MS News Notes: PoNS Online, Foralumab, Masitinib, Gaslighting

Columnist Ed Tobias comments on the week's top MS news

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by Ed Tobias |

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Welcome to “MS News Notes,” where I comment on multiple sclerosis (MS) news stories that caught my eye last week. Here’s a look at what’s been happening:

Tongue stimulator now easier to obtain

A Portable Neuromodulation Stimulator (PoNS) is a mouthpiece that mildly stimulates nerves in the tongue that lead to a brain region controlling movement. This stimulation promotes neuroplasticity, a process in which the brain rewires itself. Used as part of a physical therapy program and combined with intense exercise, PoNS has improved the walking and balance of people with mild to moderate MS.

PoNS was approved for use in the U.S., Canada, and Australia a couple years ago. The news update, according to MS News Today‘s Joana Vindeirinho, reporting in the article “PoNS Device Now Available Online to Patients in US,” is that patients can now buy the device directly from a website.

It’s important to note, however, that PoNS requires a prescription and that patients must be guided by a trained physical therapist.

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Positive news for foralumab in small study

There’s been great interest in the investigational therapy foralumab, both because it’s a nasal spray and because it’s intended for people with secondary progressive MS. Foralumab is an antibody-based treatment designed to target the CD3 protein found on the surface of T-cells in the immune system.

In the article “EDSS Score Drop of 1 Point Seen in 2nd SPMS Patient on Foralumab,” Lindsey Shapiro reports on how a second patient is showing some reduced disability after 11 months of treatment. Five other patients are participating in this study at Brigham and Women’s Hospital in Boston.

Phase 3 trial of masitinib approved for progressive MS

People with MS in the U.S. can now join MS patients in several other countries enrolling in trials of masitinib, a tyrosine kinase inhibitor. As Lindsey Shapiro’s article “FDA OKs Phase 3 Trial of Masitinib for Progressive Forms of MS” notes, the study is expected to include up to 800 participants at about 75 sites in the U.S., Canada, Europe, Israel, and South Africa. To be eligible, patients must be between 18 and 65, have either primary progressive MS (PPMS) or non-active secondary progressive MS (SPMS), and show no evidence of active inflammatory brain lesions.

Are you being gaslighted by healthcare providers?

There’s a long history of healthcare providers dismissing or downplaying medical complaints by women, known as medical gaslighting. Researchers at the University of Illinois Urbana-Champaign recently studied this historical and ongoing problem.

As Marisa Wexler writes in “How ‘Medical Gaslighting’ Affects Women With Chronic Illness: Study,” researchers highlighted how women are often dismissed as “crazy” and made to feel shame or guilt about their medical issues.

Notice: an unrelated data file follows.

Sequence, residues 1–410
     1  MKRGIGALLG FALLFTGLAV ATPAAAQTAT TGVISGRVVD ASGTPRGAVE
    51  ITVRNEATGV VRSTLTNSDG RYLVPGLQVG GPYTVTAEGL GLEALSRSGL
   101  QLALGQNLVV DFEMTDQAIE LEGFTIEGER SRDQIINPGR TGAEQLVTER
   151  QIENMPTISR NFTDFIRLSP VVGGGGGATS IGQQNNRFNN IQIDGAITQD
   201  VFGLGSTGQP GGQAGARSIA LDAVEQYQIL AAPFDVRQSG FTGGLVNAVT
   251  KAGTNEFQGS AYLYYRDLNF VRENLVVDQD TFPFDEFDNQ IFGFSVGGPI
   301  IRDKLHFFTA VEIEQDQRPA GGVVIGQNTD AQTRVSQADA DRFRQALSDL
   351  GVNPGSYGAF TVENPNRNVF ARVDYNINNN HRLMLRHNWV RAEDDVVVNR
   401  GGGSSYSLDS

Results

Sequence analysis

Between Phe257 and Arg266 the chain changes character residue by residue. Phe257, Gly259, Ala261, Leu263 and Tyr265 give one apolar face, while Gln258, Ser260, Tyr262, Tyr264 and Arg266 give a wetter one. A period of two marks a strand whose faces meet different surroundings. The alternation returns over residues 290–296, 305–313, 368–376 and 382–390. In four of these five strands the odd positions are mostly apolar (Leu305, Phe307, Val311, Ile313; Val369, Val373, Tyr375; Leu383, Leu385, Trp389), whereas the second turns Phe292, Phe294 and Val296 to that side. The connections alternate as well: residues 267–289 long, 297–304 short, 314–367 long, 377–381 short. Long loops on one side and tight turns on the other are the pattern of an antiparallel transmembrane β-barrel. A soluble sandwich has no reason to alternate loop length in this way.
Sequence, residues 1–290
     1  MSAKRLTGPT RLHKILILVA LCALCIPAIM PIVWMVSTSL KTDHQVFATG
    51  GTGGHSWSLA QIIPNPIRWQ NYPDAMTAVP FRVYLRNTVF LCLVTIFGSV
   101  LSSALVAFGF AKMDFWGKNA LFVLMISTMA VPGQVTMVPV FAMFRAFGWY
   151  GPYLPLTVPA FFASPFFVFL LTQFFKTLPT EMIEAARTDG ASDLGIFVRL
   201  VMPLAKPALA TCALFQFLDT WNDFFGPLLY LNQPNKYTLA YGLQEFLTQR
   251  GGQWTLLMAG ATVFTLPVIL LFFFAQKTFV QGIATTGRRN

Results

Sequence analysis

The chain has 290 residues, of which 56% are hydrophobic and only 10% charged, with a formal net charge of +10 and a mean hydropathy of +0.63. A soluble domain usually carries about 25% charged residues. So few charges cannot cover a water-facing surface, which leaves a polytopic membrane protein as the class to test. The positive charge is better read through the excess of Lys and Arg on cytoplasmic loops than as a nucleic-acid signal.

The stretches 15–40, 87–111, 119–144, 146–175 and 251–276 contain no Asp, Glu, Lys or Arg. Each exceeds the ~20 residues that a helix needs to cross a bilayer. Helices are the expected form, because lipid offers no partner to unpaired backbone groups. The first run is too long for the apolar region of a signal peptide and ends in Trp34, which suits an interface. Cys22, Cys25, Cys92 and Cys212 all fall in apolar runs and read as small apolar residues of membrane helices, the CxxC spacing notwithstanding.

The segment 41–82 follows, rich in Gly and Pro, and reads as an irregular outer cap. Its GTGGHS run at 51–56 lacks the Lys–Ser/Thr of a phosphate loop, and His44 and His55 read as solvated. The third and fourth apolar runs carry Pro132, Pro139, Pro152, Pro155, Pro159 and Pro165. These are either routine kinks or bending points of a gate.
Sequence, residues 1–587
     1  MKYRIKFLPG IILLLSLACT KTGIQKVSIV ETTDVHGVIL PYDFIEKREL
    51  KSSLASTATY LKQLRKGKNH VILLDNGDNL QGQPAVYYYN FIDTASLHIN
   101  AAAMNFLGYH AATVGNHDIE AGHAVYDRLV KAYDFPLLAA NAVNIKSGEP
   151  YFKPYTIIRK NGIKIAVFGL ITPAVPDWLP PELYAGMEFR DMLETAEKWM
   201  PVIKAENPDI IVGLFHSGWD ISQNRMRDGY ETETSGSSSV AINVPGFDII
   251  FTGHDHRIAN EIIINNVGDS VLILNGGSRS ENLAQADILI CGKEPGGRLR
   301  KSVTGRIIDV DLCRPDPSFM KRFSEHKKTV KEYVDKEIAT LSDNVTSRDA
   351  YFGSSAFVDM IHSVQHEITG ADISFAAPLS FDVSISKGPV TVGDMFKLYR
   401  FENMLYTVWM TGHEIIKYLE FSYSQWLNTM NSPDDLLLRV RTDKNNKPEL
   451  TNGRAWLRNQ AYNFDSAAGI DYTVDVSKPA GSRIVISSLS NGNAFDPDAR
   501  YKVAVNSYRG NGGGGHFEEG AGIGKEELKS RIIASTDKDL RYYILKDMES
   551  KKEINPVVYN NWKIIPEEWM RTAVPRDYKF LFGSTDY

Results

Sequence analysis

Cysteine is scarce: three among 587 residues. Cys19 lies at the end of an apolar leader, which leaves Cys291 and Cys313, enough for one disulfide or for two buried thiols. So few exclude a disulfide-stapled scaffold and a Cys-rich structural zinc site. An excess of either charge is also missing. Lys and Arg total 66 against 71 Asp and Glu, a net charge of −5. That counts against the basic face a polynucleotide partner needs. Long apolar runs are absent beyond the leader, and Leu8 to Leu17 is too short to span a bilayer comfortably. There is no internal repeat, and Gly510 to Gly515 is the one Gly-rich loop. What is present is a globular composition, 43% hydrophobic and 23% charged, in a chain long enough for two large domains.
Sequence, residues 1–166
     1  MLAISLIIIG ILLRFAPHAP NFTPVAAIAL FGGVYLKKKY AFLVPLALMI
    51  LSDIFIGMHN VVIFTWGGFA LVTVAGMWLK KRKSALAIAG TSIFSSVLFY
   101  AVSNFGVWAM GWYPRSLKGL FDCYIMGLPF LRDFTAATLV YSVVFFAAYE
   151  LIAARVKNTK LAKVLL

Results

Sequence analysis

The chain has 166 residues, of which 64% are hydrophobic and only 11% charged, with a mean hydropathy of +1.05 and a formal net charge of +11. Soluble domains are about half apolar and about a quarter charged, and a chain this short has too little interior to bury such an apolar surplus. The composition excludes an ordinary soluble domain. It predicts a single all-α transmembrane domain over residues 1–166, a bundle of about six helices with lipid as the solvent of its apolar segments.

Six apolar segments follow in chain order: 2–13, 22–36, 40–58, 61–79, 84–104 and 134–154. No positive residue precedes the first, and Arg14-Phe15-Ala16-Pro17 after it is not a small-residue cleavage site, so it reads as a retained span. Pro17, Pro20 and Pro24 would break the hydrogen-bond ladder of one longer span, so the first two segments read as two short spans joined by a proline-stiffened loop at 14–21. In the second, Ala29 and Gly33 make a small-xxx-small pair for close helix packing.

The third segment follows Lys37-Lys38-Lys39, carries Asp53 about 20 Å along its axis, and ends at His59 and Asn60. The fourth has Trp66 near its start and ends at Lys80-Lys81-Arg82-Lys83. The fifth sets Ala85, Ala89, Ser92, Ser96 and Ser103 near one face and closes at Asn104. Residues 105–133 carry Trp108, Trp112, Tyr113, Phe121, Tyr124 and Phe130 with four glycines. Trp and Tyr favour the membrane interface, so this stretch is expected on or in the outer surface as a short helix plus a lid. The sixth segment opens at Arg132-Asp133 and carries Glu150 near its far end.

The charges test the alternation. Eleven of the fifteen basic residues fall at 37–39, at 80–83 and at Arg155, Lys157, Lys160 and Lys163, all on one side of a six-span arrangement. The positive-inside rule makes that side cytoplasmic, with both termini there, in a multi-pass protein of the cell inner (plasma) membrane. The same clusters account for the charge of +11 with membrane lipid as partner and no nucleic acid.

“Most women we talked to had lived with their health issues and pain for years,” Charee Thompson, PhD, a professor of communication at the University of Illinois Urbana-Champaign and co-author of the study, in a university press release cited in the story.


Note: Multiple Sclerosis News Today is strictly a news and information website about the disease. It does not provide medical advice, diagnosis, or treatment. This content is not intended to be a substitute for professional medical advice, diagnosis, or treatment. Always seek the advice of your physician or other qualified health provider with any questions you may have regarding a medical condition. Never disregard professional medical advice or delay in seeking it because of something you have read on this website. The opinions expressed in this column are not those of Multiple Sclerosis News Today or its parent company, BioNews, and are intended to spark discussion about issues pertaining to multiple sclerosis.

Comments

patricia barnes avatar

patricia barnes

im sore from lower back and left leg, its been forevervthis pain.

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Paula avatar

Paula

Was curious if maybe the pons system would work on speech.

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Ed Tobias avatar

Ed Tobias

Hi Paula,

I don't know if it could be used in combination with speech therapy, as the PoNS is used for physical therapy. There is a link in our story to the company that manufacturers the device. You might contact them to ask this question.

Ed

Reply
Joseph Genarella avatar

Joseph Genarella

Hi Ed,

I had RRMS since I was 20 years old and 2 years ago I progress to SPMS. not fun. I am on Ocrevus every 6 months to slow down the progressions. is there another infusion that would be effective ?
thanks

Reply
Ed Tobias avatar

Ed Tobias

Hi Joseph,

I'm not a physician so I really can't give you a recommendation. However, I do know that Ocrevus is considered to be a very effective DMT. But, there are more than 20 other DMTs available. Among those, the ones considered to be the most effective, IMHO, are Lemtrada, Tysabri, Kesimpta and Navantrone. If you don't think Ocrevus is effective I'd ask your neuro about those.

Ed

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